If the supreme court intended only to exercise sentence appeal jurisdiction in cases which involved sentences of forty-five days or more, the court could have said that directly. In addition, the original logic of Justice Rabinowitz's position in Bear was that the supreme court should be able to review any decision of the trial court for an abuse of discretion, and that sentencing should not be the only area where the trial court was exempt from review. It also makes sense to me that the supreme court would require a trial judge to inform a defendant of his right to a sentence appeal only in more serious cases. The supreme court did not want to require a trial judge to inform a defendant of his right to a sentence appeal in every case. Many cases involve only fines or small terms of imprisonment which in all but a few cases would be inappropriate for appellate review. It therefore makes sense for the supreme court to require a trial judge to inform a defendant of his right to appeal his sentence only in cases that involve a sentence of forty-five days or more. However, this is different from the supreme court determining that it did not have jurisdiction of cases involving imprisonment of under forty-five days.
Whether this court has jurisdiction to decide the sentence appeal in this case is more difficult. Unlike the supreme court, the court of appeals is not a constitutional court, but was created by the legislature. Therefore, the legislature has the authority to determine the jurisdiction of this court. What jurisdiction the legislature intended to give this court in sentence appeals is a difficult issue. Alaska Statute 22.07.020(c)(2) gives this court jurisdiction to review "the final decision of the district court on a sentence imposed by it." However, there is an argument that the legislature intended to set the sentence appeal jurisdiction of this court in AS 12.55.120, which provides in part that:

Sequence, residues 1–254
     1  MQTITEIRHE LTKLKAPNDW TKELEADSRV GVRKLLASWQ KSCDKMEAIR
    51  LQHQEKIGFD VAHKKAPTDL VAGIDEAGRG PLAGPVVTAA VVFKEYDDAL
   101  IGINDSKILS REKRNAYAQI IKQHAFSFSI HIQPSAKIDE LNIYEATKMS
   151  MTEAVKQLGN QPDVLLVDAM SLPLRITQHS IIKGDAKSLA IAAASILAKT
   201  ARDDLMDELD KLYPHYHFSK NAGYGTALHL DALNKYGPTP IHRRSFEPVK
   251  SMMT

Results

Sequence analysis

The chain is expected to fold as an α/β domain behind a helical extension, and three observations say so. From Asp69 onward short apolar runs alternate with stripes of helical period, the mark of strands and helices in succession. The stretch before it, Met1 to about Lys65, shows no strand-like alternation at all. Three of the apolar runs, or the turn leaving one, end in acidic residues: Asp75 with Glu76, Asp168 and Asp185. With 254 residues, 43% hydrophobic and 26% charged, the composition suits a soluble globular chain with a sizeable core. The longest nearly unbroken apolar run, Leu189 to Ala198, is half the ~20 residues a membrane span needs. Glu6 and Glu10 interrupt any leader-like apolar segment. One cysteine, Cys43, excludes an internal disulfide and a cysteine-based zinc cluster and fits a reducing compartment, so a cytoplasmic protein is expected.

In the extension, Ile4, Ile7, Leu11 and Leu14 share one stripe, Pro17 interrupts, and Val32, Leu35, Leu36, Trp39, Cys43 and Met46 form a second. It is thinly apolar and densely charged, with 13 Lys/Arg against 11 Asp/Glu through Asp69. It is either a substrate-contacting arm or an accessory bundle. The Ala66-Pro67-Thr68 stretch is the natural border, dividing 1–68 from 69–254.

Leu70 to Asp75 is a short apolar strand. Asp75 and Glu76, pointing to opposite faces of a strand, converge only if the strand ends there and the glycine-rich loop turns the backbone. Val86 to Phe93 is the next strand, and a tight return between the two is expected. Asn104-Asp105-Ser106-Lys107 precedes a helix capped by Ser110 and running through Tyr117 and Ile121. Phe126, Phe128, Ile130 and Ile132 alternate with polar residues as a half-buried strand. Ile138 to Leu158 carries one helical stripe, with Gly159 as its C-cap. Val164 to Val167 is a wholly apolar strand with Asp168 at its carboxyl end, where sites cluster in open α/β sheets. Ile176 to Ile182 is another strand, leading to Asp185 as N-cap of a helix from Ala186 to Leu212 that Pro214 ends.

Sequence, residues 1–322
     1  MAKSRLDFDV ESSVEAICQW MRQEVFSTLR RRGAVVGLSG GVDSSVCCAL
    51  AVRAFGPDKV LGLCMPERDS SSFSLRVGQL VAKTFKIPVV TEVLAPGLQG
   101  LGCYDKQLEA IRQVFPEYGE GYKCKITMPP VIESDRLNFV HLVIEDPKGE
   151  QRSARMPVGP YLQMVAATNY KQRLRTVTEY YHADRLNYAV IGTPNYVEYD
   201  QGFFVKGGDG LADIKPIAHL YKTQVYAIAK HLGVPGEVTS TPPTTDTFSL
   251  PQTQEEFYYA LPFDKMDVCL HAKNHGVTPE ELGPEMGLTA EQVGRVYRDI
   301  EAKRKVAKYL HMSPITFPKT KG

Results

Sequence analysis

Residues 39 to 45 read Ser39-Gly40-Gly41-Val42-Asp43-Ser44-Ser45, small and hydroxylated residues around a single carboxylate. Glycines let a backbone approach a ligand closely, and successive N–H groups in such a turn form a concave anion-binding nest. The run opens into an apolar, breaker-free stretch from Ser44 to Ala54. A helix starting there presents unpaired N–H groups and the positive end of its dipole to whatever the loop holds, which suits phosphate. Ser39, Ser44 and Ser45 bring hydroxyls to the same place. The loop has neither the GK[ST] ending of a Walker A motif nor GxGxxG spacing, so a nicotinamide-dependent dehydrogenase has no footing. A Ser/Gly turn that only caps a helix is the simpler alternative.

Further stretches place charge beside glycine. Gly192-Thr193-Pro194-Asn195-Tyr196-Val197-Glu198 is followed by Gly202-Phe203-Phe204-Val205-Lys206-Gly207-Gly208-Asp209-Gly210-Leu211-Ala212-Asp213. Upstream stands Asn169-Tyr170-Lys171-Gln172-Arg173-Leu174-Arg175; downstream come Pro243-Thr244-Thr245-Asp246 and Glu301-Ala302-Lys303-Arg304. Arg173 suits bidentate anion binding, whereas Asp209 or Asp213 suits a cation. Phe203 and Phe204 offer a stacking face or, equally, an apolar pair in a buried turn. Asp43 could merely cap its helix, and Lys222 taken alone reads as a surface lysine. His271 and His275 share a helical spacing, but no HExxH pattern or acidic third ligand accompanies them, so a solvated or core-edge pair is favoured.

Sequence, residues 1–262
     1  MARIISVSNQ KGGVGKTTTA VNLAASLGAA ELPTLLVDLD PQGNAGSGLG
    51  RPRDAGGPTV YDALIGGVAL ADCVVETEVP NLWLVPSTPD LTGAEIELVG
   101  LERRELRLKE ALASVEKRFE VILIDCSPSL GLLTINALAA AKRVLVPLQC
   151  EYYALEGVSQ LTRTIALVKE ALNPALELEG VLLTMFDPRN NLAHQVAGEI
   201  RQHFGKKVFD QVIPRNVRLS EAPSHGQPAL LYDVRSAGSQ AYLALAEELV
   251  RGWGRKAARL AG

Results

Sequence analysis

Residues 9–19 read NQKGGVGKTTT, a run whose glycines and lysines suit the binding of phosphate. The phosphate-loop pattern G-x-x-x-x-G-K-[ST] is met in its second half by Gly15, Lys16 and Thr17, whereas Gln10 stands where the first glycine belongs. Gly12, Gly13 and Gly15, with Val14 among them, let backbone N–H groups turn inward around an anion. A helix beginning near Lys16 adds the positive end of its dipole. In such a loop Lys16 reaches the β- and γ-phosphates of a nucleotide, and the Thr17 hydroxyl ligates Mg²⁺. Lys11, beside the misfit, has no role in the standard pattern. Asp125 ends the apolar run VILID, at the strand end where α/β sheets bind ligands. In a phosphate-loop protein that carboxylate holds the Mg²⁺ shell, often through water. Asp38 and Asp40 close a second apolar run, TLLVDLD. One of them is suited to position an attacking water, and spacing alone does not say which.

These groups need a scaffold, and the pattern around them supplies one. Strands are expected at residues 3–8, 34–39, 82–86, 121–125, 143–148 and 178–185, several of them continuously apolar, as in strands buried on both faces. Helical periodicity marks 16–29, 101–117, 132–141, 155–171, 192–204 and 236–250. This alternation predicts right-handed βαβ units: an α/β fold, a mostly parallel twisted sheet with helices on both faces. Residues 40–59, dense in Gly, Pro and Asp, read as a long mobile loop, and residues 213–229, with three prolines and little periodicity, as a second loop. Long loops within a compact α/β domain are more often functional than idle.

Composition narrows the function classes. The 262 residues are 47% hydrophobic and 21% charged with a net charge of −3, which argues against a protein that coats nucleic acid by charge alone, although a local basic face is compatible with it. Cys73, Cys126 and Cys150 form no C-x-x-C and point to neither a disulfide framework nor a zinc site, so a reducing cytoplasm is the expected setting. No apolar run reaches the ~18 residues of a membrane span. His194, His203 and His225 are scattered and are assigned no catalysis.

(a) A sentence of imprisonment lawfully imposed by the superior court for a term or for aggregate terms of one year or more may be appealed to the court of appeals by the defendant on the ground that the sentence is excessive.
. . . . .
(d) A sentence of imprisonment lawfully imposed by the district court for a term or for aggregate terms exceeding 90 days may be appealed to the superior court by the defendant on the ground that the sentence is excessive.
However, AS 12.55.120 is a grant of jurisdiction; it does not directly limit the jurisdiction which the legislature gave this court when it enacted AS 22.07.020.
I am reluctant to conclude that this court does not have jurisdiction over relatively short sentences, but that the supreme court does. I do not believe that the legislature would intend that result, and I think it is unlikely that the supreme court would reach that result on the basis of the current statutes. It seems unnecessary to hold that a defendant who wishes to appeal a sentence of forty-five days or less must appeal to the supreme court, whereas this court would continue to have jurisdiction over more severe sentences. I therefore conclude that this court, like the supreme court, has jurisdiction to hear any sentence appeal. As a practical matter, whether this court has jurisdiction or not, it seems unlikely that a defendant who has a sentence of less than forty-five days will prevail in a sentence appeal. I am unaware of this court or the supreme court finding that a sentence of forty-five days or less was excessive. However, the possibility that such a defendant could show that the sentence was clearly mistaken does exist. The majority's position might also restrict this court's jurisdiction to review sentences which involve fines, community service, probation conditions, or the form of the sentence — such as whether the defendant qualifies for a suspended imposition of sentence.
Turning to Herbert Johnson's case, it appears to me that this court has jurisdiction to hear his sentence appeal. Johnson's burden, therefore, is to show that the trial court's sentence was clearly mistaken, not to "make a convincing showing that our adherence to the language of Appellate Rule 215(a) will work either surprise or injustice in his case." I would reach the merits of Johnson's case and apply the clearly mistaken standard. I dissent from the court's opinion, dismissing the appeal without reaching the merits.